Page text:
The drawback, of course, is that unlike their pioneer predecessors, space artists cannot paint with the benefit of personal experience; although the quality and accuracy of their work might suggest otherwise, very few space artists have actually been into space. The obvious exception is Alexei Leonov, the first human to ever walk in space. His paintings have thrilled space-art lovers - among them Arthur C Clarke - for decades. Likewise, the work of US astronaut Alan Bean, who flew to the Moon on the Apollo 12 mission, is stunning, combining a genuine love of space travel with a fine technique and appreciation of light, shade and tone. Perhaps surprisingly for someone with a scientific background, Bean does not belong to the photographic-realism school of Rawlings and Poor, instead he has a much more Impressionistic style; his painting "Conquistadors", showing two Apollo astronauts in close up, is rendered in shades of green and blue, and with each brush stroke clearly visible it is much more reminiscent of a Monet or a Mary Cassatt than a NASA photo.
But maybe it doesn't matter that they haven't seen their subjects with their own eyes, because modern space artists have one thing in common with their 18th and 19th century predecessors - they show us what lies in our future, what's hiding just around the corner of possibility, if we just make the effort to get off our backsides and Make It Happen. They let us step briefly into the space boots of future generations of explorers, and give us sneak previews of the "Must See" tourist views of the next century. Many have even followed the example of the panorama painters like Benvard and created large scale works for museums and planetaria: Robert T. McCall's huge panoramas are enjoyed by thousands of visitors to the Smithsonian every year, and Jon Lomberg's stunning portrait of our Milky Way galaxy shows us just how insignificant a part of the Universe we are.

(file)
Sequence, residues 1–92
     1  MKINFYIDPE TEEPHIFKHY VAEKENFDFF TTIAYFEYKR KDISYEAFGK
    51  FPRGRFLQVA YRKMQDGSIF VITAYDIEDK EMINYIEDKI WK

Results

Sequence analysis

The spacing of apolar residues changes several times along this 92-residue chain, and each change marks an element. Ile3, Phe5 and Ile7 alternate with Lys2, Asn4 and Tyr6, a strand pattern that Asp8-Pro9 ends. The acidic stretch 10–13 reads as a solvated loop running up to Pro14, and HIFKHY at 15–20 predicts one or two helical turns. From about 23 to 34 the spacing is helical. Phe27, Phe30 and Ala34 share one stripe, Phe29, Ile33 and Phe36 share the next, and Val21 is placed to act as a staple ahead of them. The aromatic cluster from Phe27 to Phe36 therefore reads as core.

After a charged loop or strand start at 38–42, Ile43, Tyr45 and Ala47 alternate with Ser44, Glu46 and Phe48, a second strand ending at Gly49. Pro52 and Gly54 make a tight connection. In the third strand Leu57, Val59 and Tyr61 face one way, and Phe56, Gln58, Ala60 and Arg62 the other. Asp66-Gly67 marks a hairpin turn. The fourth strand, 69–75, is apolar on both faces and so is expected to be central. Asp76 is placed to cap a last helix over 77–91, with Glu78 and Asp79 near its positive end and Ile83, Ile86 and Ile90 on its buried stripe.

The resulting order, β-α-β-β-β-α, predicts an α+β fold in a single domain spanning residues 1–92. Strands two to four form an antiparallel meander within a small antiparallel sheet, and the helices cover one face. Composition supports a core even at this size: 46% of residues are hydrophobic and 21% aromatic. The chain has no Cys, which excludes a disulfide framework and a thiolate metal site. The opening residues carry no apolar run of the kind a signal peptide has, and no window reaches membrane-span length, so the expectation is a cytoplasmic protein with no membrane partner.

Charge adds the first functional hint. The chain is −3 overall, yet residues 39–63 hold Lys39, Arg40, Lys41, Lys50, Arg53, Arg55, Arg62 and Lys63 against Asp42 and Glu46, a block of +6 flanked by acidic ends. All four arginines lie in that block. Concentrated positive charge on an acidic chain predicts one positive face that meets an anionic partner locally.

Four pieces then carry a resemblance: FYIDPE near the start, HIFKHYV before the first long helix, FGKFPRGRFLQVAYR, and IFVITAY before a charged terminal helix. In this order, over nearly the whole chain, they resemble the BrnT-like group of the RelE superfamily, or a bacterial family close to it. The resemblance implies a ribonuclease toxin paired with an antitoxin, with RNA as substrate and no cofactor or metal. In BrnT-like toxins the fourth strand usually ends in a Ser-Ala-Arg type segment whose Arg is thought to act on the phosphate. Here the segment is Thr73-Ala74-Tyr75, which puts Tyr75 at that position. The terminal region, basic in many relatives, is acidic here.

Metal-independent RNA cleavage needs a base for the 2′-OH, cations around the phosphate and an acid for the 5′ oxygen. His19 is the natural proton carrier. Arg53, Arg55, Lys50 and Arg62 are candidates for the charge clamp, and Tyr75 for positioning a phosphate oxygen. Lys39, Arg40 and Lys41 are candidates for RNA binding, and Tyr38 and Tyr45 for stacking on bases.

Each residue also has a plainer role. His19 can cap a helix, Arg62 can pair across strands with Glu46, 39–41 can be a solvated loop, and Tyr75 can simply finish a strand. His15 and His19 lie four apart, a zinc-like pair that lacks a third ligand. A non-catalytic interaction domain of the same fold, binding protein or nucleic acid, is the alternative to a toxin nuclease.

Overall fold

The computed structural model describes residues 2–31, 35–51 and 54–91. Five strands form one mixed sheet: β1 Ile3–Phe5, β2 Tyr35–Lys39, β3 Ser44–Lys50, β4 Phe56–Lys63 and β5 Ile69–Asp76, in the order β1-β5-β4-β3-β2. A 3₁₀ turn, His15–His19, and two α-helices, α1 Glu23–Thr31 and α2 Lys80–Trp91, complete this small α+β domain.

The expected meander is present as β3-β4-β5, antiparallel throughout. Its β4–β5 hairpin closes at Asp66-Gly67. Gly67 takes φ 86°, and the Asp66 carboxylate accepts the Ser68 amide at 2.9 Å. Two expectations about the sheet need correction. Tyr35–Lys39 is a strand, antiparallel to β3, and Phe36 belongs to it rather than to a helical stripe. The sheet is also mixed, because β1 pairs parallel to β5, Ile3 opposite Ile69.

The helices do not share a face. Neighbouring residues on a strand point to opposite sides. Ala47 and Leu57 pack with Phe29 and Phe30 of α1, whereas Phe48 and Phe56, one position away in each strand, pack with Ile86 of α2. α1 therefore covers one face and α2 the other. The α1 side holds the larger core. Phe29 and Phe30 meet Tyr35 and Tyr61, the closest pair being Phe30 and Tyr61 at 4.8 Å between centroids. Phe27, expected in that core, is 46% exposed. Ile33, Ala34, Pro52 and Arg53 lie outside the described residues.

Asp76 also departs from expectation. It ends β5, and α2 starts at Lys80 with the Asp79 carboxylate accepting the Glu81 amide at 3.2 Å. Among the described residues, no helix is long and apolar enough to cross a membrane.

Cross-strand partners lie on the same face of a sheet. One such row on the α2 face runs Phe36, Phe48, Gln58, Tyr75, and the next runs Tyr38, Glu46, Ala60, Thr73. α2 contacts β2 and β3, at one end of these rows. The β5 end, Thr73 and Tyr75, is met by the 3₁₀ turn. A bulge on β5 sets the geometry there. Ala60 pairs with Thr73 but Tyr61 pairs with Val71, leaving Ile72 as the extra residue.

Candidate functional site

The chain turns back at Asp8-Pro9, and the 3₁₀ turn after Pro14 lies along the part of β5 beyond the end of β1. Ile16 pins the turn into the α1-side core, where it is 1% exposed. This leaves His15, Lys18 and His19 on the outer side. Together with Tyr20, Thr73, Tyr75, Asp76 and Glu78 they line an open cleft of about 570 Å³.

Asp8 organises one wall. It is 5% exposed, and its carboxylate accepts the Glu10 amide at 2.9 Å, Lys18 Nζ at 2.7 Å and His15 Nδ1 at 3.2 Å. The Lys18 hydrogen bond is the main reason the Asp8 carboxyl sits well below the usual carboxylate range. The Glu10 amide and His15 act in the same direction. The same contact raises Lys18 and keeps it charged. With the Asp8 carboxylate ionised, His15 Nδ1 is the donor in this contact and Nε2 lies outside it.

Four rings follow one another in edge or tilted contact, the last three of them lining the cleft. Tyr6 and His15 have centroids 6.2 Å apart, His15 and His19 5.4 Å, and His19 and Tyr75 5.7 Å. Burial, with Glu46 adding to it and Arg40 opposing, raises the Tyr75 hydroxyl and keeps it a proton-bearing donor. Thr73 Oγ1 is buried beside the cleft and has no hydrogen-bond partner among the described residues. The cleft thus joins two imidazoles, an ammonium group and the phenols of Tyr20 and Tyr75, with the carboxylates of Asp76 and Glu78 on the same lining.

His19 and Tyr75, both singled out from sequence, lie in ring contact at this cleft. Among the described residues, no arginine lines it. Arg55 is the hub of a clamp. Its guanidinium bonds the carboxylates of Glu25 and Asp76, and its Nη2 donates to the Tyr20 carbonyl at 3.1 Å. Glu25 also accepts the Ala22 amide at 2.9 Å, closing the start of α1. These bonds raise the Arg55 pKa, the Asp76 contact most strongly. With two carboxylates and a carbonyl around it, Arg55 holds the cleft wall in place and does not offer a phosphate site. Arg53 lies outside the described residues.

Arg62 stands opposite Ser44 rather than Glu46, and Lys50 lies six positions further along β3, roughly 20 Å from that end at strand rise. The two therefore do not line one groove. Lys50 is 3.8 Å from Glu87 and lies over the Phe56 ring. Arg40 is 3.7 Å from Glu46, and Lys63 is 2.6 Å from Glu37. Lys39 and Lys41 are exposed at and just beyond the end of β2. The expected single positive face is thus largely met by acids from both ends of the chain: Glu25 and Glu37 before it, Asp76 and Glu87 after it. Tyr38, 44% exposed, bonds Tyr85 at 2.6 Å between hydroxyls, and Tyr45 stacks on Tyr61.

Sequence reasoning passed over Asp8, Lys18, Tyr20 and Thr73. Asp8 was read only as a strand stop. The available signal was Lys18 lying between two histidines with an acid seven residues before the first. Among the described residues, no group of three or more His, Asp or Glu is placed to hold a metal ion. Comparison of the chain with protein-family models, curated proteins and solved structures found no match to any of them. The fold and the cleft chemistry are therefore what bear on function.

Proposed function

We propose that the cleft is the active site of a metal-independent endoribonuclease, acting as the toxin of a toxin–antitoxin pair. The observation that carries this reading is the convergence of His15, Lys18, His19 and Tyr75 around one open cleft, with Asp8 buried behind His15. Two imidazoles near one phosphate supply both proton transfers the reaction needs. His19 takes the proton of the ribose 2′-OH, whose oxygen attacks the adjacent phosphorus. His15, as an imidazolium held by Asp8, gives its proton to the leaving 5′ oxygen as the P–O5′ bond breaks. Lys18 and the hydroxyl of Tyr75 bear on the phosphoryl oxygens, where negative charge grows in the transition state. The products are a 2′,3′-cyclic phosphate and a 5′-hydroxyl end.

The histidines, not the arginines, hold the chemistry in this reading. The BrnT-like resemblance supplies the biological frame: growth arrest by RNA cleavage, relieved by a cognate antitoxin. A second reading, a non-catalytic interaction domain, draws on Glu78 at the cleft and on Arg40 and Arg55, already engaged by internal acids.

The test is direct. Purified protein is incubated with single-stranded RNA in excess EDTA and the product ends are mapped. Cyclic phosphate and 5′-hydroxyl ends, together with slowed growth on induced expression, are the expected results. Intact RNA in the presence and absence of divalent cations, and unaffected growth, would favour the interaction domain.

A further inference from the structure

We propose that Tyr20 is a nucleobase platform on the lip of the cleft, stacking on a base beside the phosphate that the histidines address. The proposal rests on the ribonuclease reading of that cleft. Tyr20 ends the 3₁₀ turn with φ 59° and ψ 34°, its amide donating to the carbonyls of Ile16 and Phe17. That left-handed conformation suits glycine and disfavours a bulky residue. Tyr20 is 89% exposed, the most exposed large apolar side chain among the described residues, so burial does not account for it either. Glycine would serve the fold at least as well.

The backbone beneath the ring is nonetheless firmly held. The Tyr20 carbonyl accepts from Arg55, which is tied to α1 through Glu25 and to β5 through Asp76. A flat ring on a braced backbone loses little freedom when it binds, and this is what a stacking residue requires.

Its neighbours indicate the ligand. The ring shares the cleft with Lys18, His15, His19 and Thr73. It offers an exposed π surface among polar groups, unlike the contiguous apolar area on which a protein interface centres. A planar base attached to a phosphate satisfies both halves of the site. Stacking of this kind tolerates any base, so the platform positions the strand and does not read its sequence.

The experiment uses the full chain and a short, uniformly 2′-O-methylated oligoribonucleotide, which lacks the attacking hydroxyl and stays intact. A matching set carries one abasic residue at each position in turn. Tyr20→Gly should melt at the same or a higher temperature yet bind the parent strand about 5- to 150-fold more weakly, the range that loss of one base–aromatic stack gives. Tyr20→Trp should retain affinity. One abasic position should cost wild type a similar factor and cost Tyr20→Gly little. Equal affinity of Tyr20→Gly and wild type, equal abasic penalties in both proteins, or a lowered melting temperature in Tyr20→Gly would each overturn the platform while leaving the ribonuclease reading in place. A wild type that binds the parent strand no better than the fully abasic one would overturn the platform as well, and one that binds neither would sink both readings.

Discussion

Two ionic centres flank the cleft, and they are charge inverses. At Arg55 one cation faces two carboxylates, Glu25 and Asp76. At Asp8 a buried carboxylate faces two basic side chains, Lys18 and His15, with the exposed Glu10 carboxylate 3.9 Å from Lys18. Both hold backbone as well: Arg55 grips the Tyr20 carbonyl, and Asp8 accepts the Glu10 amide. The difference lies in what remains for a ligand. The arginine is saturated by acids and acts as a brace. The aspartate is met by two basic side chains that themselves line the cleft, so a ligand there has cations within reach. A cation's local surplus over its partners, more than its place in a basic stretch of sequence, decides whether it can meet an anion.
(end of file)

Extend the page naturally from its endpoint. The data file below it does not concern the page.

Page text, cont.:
So, am I suggesting sending a space artist to Mars? Well, I'm sure that Hardy, Miller, Lee and Rawlings would jump at the chance, but that's sadly not really practical. No. What I'm suggesting is simply that when the time comes to select the crew of any Mars 1 mission, the selectors should seriously consider including a crewman or woman with proven artistic skill, and experience, because they'll be able to make an invaluable contribution to the mission. Not just because their work would personalise the experience for the people back on Earth, like the pioneer artists did for the city dwellers in the 1800s, but because they'll be a valuable "back-up system" in their own right. After all, machines fail and break, that's what machines - every machine, from your CD player to a cooker to a space shuttle - do, and if a camera fails on the first manned Mars expedition, depriving the world of priceless (and unrepeatable) pictures, wouldn't it be a relief - and make sense - to have someone there to manually record what the camera missed? Ask Alan "Camera Trasher" Bean about the wisdom of that… ;-)